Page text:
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SPRING 2009 CATALOG

Acts of Conscience
World War II, Mental Institutions, and Religious Objectors

 
Steven J. Taylor

Cloth $45.00    |    978-0-8156-0915-5    |    2009

In the mid- to late 1940s, a group of young men rattled the psychiatric establishment by beaming a public spotlight on the squalid conditions and brutality in our nation’s mental hospitals and training schools for people with psychiatric and intellectual disabilities.

The Washington Post, Conscientious Objectors of WWII by Steven J. Taylor

Reviews


"In this important, assiduously researched book, Taylor tells the story of a courageous group of WW II conscientious objectors who worked in state mental institutions and turned to the media to expose the abuses and atrocities they witnessed. The author digs deep into the archives (the book is generously illustrated) and uses interviews with more than a dozen survivors and family members of those institutionalized to illuminate a forgotten and heroic chapter in the history not only of disability issues but also of civil rights. He pursues the politics of deinstitutionalization through the 1960s, including in the discussion the landmark work of Burton Blatt, who exposed the horrors of Willowbrook State School. In a valuable conclusion, Taylor relates history to the present scholarly study of disability studies. Every library should have this extraordinary, vivid history on its shelves."
Choice

"Set your moral compass by this book. Taylor’s curiosity and his outrage have yielded a lucid, compelling, and eminently readable historical narrative."
—Simi Linton, author of Claiming Disability: Knowledge and Identity

Description
In the mid- to late 1940s, a group of young men rattled the psychiatric establishment by beaming a public spotlight on the squalid conditions and brutality in our nation’s mental hospitals and training schools for people with psychiatric and intellectual disabilities. Bringing the abuses to the attention of newspapers and magazines across the country, they led a reform effort to change public attitudes and to improve the training and status of institutional staff. Prominent Americans, including Eleanor Roosevelt, ACLU founder Roger Baldwin, author Pearl S. Buck, actress Helen Hayes, and African-American activist Mary McLeod Bethune, supported the efforts of the young men.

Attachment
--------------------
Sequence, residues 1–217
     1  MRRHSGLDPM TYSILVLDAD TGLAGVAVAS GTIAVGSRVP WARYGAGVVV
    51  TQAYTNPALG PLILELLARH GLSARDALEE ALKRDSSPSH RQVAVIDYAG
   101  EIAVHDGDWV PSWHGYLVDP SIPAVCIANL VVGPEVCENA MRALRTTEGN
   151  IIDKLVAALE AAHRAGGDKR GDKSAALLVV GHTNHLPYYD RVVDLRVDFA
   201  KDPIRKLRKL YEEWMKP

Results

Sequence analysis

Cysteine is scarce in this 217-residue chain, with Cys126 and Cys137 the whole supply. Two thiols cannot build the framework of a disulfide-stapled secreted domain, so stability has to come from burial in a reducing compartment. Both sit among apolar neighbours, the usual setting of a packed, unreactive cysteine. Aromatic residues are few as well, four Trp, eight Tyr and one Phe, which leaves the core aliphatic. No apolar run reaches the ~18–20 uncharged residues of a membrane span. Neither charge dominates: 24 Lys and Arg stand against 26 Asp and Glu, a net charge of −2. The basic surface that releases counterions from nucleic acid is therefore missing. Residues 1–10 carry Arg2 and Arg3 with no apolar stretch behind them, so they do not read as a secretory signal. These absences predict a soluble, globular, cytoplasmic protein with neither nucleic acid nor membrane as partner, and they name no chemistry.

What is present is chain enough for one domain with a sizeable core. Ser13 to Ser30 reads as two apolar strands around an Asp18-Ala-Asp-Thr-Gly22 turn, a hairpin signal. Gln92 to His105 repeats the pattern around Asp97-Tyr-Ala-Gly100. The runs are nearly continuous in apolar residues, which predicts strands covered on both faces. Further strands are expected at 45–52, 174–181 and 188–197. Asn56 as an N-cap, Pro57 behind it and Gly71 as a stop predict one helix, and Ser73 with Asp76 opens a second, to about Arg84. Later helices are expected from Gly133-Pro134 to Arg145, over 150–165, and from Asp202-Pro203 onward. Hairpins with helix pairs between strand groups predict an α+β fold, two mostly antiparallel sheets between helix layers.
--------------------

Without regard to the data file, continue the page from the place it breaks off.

These young men were among the 12,000 World War II conscientious objectors who chose to perform civilian public service as an alternative to fighting in what is widely regarded as America’s "good war." Three thousand of these men volunteered to work at state institutions, where they found conditions appalling. Acting on conscience a second time, they challenged America’s treatment of its citizens with severe disabilities. Acts of Conscience brings to light the extraordinary efforts of these courageous men, drawing upon extensive archival research, interviews, and personal correspondence.

The World War II conscientious objectors were not the first to expose public institutions, and they would not be the last. What distinguishes them from reformers of other eras is that their activities have faded from professional and popular memory. Steven J. Taylor’s moving account is an indispensable contribution to the historical record.

View other series books on Critical Perspectives on Disability

Author
Steven J. Taylor is Centennial Professor of Disability Studies in the School of Education and codirector of the Center on Human Policy, Law, and Disability Studies at Syracuse University. He is the coauthor of In Search of the Promised Land and The Social Meaning of Mental Retardation: Two Life Stories, among other books. His articles have appeared in numerous journals, including Intellectual and Developmental Disabilities, Journal of Contemporary Ethnography, and Qualitative Sociology.

7 x 10, 504 pages, 50 black-and-white illustrations, notes, bibliography, index


Acts of Conscience

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